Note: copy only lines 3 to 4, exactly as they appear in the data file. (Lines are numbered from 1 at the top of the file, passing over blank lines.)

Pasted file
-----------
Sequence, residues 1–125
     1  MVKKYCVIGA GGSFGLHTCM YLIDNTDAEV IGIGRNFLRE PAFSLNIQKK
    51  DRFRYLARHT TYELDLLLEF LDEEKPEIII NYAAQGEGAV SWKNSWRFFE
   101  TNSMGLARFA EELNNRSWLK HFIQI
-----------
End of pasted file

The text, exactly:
    51  DRFRYLARHT TYELDLLLEF LDEEKPEIII NYAAQGEGAV SWKNSWRFFE
   101  TNSMGLARFA EELNNRSWLK HFIQI